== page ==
Figure 2. Biochemical activity of telomerase. The enzyme telomerase is made of two essential subunits, human telomerase reverse transcriptase (hTERT) and human telomerase RNA (hTR). The hTR RNA contains a short sequence, complementary to that of the telomeric repeats (5′‐CUAACCCUAAC‐3′), which the enzyme uses as a template. As the enzyme associates with the telomeres, this sequence hybridises with the 3′ overhang that caps all telomeres. The protein hTERT, acting as a reverse transcriptase, then uses the telomere as a primer and hTR as a template to synthesise a six‐base telomeric repeat. The enzyme is highly processive and can add many repeats to the same DNA substrate through cycles of synthesis and translocation.
Figure 3. Senescence and crisis. Most somatic human cells lack telomerase and, as a consequence, shorten their telomeres at each round of cell divisions. When the shortest telomere reaches a threshold size, senescence (M1 or mortality stage 1) is triggered. The cell cycle arrest that characterises senescence is maintained by the activities of p53 and RB, and can therefore be bypassed by the loss of these tumour suppressors. Cells that have overcome M1 continue to shorten their telomeres as they divide, until the induction of crisis (M2 or mortality stage 2). M2 is characterised by massive cell death and is due to terminal telomere shortening. Rare cells can escape M2 to give rise to immortal clones, but only after telomeres have become stabilised through either telomerase (hTERT) expression or activation of the ALT (alternate lengthening of telomeres) pathway.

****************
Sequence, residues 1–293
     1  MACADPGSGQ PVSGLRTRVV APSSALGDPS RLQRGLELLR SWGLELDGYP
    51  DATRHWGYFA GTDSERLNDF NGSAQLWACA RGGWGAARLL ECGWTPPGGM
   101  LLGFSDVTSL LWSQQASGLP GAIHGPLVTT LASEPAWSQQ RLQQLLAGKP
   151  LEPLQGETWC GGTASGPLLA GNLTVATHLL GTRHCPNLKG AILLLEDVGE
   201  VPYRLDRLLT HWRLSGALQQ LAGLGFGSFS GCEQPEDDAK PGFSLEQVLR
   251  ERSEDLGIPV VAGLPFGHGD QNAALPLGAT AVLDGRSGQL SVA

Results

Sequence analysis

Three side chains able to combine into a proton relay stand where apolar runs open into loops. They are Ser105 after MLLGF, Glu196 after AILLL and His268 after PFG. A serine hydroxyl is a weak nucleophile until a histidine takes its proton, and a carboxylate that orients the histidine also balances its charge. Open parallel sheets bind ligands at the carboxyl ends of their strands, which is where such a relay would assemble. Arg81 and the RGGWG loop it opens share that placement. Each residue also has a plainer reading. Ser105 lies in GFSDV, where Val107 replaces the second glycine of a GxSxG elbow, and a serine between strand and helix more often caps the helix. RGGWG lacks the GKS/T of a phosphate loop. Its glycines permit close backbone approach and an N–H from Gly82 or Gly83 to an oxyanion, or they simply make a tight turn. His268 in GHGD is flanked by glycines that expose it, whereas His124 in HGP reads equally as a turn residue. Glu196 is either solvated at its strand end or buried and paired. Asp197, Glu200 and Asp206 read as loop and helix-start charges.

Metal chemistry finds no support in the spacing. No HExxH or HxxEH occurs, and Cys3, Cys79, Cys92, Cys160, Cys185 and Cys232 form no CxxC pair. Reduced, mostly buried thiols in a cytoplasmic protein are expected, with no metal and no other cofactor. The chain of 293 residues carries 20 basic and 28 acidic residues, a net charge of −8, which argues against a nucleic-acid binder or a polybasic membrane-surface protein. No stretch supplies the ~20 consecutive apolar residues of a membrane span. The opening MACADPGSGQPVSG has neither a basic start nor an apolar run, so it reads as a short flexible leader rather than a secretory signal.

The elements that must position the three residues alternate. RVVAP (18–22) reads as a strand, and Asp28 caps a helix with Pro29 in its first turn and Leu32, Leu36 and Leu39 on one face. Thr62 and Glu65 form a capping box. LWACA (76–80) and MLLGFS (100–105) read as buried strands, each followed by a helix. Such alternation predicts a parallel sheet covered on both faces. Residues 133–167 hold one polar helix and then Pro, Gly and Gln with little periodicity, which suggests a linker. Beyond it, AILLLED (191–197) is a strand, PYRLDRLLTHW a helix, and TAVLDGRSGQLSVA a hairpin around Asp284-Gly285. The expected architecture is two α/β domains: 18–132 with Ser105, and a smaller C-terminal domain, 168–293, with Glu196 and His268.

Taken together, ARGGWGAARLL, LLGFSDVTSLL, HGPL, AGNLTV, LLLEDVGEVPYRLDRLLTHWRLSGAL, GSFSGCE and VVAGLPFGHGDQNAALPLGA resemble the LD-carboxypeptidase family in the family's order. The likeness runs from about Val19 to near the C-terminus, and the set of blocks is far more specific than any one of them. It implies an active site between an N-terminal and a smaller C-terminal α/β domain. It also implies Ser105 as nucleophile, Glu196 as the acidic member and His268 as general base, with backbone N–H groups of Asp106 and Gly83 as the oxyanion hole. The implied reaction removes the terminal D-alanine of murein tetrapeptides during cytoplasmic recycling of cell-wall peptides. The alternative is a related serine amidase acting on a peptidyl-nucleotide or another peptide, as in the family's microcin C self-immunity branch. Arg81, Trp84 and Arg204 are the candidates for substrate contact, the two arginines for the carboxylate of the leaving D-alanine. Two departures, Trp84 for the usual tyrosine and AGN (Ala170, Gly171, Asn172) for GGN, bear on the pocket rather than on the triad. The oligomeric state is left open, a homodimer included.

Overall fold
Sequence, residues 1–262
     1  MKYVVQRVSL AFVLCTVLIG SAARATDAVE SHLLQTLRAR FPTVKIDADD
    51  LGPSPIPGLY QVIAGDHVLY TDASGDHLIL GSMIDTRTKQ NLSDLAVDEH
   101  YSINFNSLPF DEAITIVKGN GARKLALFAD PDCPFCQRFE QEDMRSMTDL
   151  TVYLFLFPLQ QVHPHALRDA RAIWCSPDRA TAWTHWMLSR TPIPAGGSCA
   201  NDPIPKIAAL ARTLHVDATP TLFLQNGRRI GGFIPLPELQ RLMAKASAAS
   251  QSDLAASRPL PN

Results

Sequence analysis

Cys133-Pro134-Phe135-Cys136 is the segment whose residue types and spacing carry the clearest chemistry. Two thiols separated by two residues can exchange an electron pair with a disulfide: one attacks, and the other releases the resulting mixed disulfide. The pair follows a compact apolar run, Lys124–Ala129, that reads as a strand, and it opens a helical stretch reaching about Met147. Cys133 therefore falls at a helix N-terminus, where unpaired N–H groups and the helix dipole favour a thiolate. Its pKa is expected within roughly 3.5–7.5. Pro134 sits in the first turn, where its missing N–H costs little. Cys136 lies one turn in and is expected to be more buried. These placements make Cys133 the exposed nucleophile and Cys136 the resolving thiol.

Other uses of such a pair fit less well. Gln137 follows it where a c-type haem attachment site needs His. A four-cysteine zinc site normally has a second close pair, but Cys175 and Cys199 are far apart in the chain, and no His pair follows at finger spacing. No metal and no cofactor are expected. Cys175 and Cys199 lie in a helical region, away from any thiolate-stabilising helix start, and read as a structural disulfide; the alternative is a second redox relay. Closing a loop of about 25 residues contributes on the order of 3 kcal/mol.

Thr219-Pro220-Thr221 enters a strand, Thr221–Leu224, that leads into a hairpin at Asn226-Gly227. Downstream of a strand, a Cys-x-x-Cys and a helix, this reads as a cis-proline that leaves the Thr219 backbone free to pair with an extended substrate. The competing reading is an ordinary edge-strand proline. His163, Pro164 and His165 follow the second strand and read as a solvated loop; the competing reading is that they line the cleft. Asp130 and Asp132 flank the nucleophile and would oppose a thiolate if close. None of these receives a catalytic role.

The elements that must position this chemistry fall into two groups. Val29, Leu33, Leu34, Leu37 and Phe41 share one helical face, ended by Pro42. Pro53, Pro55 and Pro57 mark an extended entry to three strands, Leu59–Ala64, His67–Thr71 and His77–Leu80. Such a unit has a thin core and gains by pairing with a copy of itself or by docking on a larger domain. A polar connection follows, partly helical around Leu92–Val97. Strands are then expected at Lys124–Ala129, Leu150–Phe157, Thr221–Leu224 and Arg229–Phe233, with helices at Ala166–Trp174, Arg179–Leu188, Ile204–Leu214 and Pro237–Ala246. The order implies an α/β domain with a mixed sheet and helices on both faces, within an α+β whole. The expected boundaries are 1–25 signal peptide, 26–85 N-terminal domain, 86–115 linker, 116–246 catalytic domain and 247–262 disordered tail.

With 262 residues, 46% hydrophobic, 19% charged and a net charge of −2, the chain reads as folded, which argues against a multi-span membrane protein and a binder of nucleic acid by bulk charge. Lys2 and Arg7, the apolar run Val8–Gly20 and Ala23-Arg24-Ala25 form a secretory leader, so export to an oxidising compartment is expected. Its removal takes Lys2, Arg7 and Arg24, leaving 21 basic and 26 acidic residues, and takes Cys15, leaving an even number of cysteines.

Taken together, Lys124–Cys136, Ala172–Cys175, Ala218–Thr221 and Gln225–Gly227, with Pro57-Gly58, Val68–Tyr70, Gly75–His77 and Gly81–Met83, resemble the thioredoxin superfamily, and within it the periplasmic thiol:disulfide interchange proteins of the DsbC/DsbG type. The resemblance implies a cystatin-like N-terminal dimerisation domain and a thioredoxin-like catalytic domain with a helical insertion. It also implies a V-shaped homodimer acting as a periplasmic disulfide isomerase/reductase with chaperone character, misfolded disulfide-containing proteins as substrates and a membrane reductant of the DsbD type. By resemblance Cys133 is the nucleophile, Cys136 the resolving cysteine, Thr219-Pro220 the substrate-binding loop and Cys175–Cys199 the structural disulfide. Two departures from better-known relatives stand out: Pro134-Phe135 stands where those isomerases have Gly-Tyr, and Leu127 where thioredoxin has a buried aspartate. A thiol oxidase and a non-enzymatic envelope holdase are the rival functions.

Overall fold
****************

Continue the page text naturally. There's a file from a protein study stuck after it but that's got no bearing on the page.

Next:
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Further Reading

Flores I and Blasco MA (2010) The role of telomeres and telomerase in stem cell aging. FEBS Letters 584: 3826–3830. PMID: 20674573.

Maciejowski J and de Lange T (2017) Telomeres in cancer: tumour suppression and genome instability. Nature Reviews. Molecular Cell Biology 18: 175–186. PMCID: PMC5589191.

Njajou OT, Hsueh WC, Blackburn EH, et al. (2009) Association between telomere length, specific causes of death, and years of healthy life in health, aging, and body composition, a population‐based cohort study. Journals of Gerontology. Series A, Biological Sciences and Medical Sciences 64: 860–864. PMCID: PMC2981462.

Opresko PL and Shay JW (2017) Telomere‐associated aging disorders. Ageing Research Reviews 33: 52–66. PMID: 27215853.

Ouellette MM, Wright WE and Shay JW (2011) Targeting telomerase‐expressing cancer cells. Journal of Cellular and Molecular Medicine 15: 1433–1442. PMCID: PMC3370414.

Wright WE and Shay JW (2000) Telomere dynamics in cancer progression and prevention: fundamental differences in human and mouse telomere biology. Nature Medicine 6: 849–851. PMID: 10932210.

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Ouellette, Michel M(Feb 2018) Telomeres and Telomerase in Ageing and Cancer. In: eLS. John Wiley & Sons Ltd, Chichester. [doi: 10.1002/9780470015902.a0006067.pub3]